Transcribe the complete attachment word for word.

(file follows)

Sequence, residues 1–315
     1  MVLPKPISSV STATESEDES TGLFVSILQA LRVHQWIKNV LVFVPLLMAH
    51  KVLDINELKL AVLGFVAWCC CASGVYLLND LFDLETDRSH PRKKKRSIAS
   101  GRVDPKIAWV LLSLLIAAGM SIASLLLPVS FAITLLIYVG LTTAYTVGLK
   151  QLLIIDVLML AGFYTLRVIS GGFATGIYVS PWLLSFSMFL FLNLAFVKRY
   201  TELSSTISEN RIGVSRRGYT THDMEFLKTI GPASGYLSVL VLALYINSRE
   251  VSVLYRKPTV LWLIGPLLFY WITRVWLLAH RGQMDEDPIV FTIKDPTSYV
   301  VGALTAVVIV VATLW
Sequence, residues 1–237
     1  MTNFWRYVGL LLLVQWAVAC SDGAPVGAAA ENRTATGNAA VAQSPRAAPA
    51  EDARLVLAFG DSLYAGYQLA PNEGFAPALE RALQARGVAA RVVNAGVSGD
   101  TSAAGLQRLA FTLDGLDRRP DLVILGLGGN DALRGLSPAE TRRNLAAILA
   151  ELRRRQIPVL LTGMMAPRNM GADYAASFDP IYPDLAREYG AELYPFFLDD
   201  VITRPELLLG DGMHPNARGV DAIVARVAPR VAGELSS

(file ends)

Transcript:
Sequence, residues 1–315
     1  MVLPKPISSV STATESEDES TGLFVSILQA LRVHQWIKNV LVFVPLLMAH
    51  KVLDINELKL AVLGFVAWCC CASGVYLLND LFDLETDRSH PRKKKRSIAS
   101  GRVDPKIAWV LLSLLIAAGM SIASLLLPVS FAITLLIYVG LTTAYTVGLK
   151  QLLIIDVLML AGFYTLRVIS GGFATGIYVS PWLLSFSMFL FLNLAFVKRY
   201  TELSSTISEN RIGVSRRGYT THDMEFLKTI GPASGYLSVL VLALYINSRE
   251  VSVLYRKPTV LWLIGPLLFY WITRVWLLAH RGQMDEDPIV FTIKDPTSYV
   301  VGALTAVVIV VATLW
Sequence, residues 1–237
     1  MTNFWRYVGL LLLVQWAVAC SDGAPVGAAA ENRTATGNAA VAQSPRAAPA
    51  EDARLVLAFG DSLYAGYQLA PNEGFAPALE RALQARGVAA RVVNAGVSGD
   101  TSAAGLQRLA FTLDGLDRRP DLVILGLGGN DALRGLSPAE TRRNLAAILA
   151  ELRRRQIPVL LTGMMAPRNM GADYAASFDP IYPDLAREYG AELYPFFLDD
   201  VITRPELLLG DGMHPNARGV DAIVARVAPR VAGELSS